(Not used in the chili mix, just need the fat to cook meat. Save bacon for salad, breakfast burritos, etc.)
5-6 pounds beef chuck roast, trimmed of all excess fat and cut into 1-inch cubes
1 medium onion, minced
5 medium garlic cloves, minced (about 5 teaspoons)
3 medium fresh jalapeño Chile peppers, stemmed, seeded, and minced to be saute`
1 can canned plain tomato sauce (8-12 oz.)
2 beef bouillon cubes or 2 tsp. beef base
Juice of 1 lime (about 6 Tbsp)
10 Tablespoons masa harina or 6 tablespoons cornstarch
Kosher Salt & Ground black pepper as you like
1. Mix first four chili powders, cumin, and oregano in small bowl and stir in ½ cup water to form thick paste; set aside. Toss beef cubes with 2 teaspoons salt in large bowl; set aside.
2. Fry bacon in large Dutch oven over medium-low heat until fat renders and bacon crisps, about 10 minutes. (I used two iron skillets, set newspaper on floor in front of stove to save on clean up!) Remove bacon with slotted spoon to paper towel–lined plate; pour all but 2 teaspoons fat from pot into small bowl; set aside. Increase heat to medium-high (high enough that the meat browns quickly and not burn , too low and the meat will release it’s water and boil before it browns.) ; sauté meat in small batches until well-browned on all sides, about 5 minutes per batch, adding 2 teaspoons bacon fat to pot each time as necessary. Set browned meat aside in large bowl. (I used or crock pot at this point cause we don’t have a Dutch oven yet)
3. Reduce heat to medium and add 3 tablespoons bacon fat to now-empty pan. Add minced onion and sauté until softened, 5 to 6 minutes. Add minced garlic and minced jalapeños and sauté until fragrant, about 1 minute. Add chili powder mixture and sauté until fragrant, 2 to 3 minutes. (I added this mix to the meat in the crock pot and turned the pot onto high)
Add reserved bacon and browned beef, crushed tomatoes or tomato sauce, lime juice, Chipotle puree, and 7 cups water (I added hot, not boiling water to the crock pot). Bring to simmer. Continue to cook at steady simmer (lowering heat as necessary) until meat is tender and juices are dark, rich, and starting to thicken, about 2 hours. (I had this in the crock pot for about 4hrs on high)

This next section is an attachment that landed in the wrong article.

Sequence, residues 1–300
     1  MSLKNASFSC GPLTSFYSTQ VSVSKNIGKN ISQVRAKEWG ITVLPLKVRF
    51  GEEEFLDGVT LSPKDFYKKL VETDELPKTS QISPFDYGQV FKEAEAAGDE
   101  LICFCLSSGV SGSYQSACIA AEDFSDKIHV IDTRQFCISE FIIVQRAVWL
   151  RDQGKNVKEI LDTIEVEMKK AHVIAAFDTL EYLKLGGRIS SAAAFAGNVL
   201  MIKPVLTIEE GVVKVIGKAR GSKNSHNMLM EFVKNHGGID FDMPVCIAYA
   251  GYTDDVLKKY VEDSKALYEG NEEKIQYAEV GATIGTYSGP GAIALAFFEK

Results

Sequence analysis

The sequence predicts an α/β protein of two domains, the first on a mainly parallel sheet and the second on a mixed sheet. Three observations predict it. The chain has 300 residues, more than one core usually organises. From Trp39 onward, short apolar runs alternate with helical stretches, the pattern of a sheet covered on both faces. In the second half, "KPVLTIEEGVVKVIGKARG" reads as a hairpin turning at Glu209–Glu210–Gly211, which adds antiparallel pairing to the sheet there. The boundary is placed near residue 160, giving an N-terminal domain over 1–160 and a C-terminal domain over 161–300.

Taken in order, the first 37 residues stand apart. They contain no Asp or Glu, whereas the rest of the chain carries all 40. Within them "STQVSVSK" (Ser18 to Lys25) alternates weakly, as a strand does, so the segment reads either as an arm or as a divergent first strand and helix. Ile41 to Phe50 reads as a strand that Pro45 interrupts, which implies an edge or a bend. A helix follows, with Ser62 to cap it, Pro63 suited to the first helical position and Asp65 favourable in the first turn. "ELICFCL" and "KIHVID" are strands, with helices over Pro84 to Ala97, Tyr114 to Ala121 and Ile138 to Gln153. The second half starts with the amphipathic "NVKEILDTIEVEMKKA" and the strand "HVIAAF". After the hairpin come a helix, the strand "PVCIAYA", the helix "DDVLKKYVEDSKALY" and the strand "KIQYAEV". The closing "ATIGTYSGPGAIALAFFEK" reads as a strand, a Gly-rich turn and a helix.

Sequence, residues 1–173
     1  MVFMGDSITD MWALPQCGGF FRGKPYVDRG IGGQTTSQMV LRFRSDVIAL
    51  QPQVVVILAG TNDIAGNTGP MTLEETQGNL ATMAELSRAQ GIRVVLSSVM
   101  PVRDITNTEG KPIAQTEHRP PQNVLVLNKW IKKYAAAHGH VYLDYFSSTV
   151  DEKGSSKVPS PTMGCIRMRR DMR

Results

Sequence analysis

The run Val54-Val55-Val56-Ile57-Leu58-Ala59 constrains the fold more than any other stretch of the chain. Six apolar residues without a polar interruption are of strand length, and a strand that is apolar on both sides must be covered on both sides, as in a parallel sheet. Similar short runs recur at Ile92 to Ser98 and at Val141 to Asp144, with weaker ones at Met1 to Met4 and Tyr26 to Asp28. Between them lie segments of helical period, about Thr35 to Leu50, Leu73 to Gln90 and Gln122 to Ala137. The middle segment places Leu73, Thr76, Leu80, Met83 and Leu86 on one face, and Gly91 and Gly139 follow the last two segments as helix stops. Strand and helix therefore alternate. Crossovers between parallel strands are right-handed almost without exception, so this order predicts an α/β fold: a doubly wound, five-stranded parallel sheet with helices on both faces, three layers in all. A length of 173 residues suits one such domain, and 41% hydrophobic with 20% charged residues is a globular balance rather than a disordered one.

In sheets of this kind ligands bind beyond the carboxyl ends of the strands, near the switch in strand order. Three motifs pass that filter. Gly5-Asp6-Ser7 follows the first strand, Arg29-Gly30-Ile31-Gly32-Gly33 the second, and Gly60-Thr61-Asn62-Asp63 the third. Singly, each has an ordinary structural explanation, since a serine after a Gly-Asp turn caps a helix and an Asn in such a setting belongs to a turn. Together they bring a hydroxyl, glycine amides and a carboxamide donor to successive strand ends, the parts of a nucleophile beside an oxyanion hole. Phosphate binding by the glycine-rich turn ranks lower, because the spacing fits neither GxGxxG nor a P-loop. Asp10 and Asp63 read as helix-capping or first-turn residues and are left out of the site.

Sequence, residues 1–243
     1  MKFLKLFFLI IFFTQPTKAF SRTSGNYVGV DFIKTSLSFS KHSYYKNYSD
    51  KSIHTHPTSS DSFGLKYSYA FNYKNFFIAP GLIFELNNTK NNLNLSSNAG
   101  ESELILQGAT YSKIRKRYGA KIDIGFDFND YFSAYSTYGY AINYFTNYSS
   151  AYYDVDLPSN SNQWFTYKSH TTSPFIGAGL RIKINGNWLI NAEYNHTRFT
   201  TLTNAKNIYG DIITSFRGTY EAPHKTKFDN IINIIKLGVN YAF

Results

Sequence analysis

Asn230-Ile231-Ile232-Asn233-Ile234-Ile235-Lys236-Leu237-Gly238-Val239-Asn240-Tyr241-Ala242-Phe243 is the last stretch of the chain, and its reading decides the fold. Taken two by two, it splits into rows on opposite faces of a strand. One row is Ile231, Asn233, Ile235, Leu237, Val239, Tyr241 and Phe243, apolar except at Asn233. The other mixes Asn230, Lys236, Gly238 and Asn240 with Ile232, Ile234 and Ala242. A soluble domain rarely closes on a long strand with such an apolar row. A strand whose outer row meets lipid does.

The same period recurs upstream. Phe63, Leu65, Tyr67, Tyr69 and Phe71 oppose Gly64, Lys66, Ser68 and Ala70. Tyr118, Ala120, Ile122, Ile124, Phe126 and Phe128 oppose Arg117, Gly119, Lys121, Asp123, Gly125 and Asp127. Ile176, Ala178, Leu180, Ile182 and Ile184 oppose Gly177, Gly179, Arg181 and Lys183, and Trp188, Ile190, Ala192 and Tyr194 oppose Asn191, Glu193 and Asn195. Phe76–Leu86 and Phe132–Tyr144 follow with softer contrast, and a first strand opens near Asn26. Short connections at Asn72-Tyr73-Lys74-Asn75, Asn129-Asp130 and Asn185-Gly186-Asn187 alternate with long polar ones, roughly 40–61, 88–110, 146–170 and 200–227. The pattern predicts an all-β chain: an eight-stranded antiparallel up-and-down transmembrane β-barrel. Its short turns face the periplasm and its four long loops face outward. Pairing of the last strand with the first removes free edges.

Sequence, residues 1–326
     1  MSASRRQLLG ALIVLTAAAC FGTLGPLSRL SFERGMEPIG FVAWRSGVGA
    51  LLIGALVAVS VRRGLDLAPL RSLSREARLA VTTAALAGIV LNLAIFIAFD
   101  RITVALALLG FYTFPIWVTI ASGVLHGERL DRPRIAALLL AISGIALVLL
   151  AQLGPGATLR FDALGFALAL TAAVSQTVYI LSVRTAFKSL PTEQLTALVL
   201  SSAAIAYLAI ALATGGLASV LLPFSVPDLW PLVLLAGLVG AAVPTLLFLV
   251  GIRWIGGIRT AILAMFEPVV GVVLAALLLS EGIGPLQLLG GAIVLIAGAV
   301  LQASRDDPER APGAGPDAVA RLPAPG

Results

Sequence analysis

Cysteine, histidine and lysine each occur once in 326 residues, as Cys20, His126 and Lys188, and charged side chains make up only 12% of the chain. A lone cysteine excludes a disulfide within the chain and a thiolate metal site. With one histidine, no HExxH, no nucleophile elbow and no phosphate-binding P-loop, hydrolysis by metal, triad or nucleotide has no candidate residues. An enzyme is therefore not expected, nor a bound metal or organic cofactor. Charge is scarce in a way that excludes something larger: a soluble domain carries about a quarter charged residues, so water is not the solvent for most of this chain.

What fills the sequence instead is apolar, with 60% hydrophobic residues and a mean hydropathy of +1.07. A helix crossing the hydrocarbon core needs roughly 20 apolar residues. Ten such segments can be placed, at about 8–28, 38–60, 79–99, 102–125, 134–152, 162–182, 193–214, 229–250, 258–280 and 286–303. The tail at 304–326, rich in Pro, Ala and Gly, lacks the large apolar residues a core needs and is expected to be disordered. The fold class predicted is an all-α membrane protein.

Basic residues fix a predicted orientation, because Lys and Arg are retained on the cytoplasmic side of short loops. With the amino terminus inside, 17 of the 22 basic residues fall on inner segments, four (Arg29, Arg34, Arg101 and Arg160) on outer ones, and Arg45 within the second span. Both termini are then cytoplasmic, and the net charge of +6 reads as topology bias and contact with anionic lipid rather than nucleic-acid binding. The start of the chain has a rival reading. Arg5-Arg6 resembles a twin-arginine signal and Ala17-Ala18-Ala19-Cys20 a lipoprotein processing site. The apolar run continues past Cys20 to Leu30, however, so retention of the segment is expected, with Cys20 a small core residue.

4. Mix masa harina with 2/3 cup water (or cornstarch with 3 tablespoons water) in small bowl to form smooth paste. Increase heat to medium, stir in paste, and simmer until thickened, 5 to 10 minutes. (I added this about an hour before we ate and had to add more right before we served, so you may have to experiment on this to get a thickness you like) Adjust seasonings generously with salt and ground black pepper to taste. Serve immediately or, for best flavor, cool slightly, cover, and refrigerate overnight or for up to 5 days. (Chili is best served after it has had a night to contemplate its fate) Reheat before serving.
Serve the chili with any of the following side dishes: warm pinto or kidney beans, corn bread or chips, corn tortillas or tamales, rice, biscuits, or just plain crackers. Top with any of the following garnishes: chopped fresh cilantro leaves, minced white onion, diced avocado, shredded cheddar or Jack cheese, or sour cream.
NOTE: To toast and grind dried chilies: Place chilies on baking sheet in 350-degree oven until fragrant and puffed, about 6 minutes. Put smaller chilies (De Arbol) in for no more than 2 minutes. Cool, stem, and seed, tearing pods into pieces. Place pieces of the pods in a spice grinder or high speed blender (Vita Mix) and process until powdery, 30 to 45 seconds.
Those are some damn good recipes !!! thanks !!!
I ll be making a few of them !
2 1/2 to 3 lbs ground turkey
2 onions, diced
1 can pinto beans
1 can black beans
1 can kidney beans
2 cans canned diced tomatoes
2 bottles Sierra Nevada Porter or Yuengling Black and Tan
3 beef bouillon cubes
2 Tbs salt
1 Tbs cumin
8 or 9 ancho peppers
1/2 Tbs ginger
1/2 Tsp cloves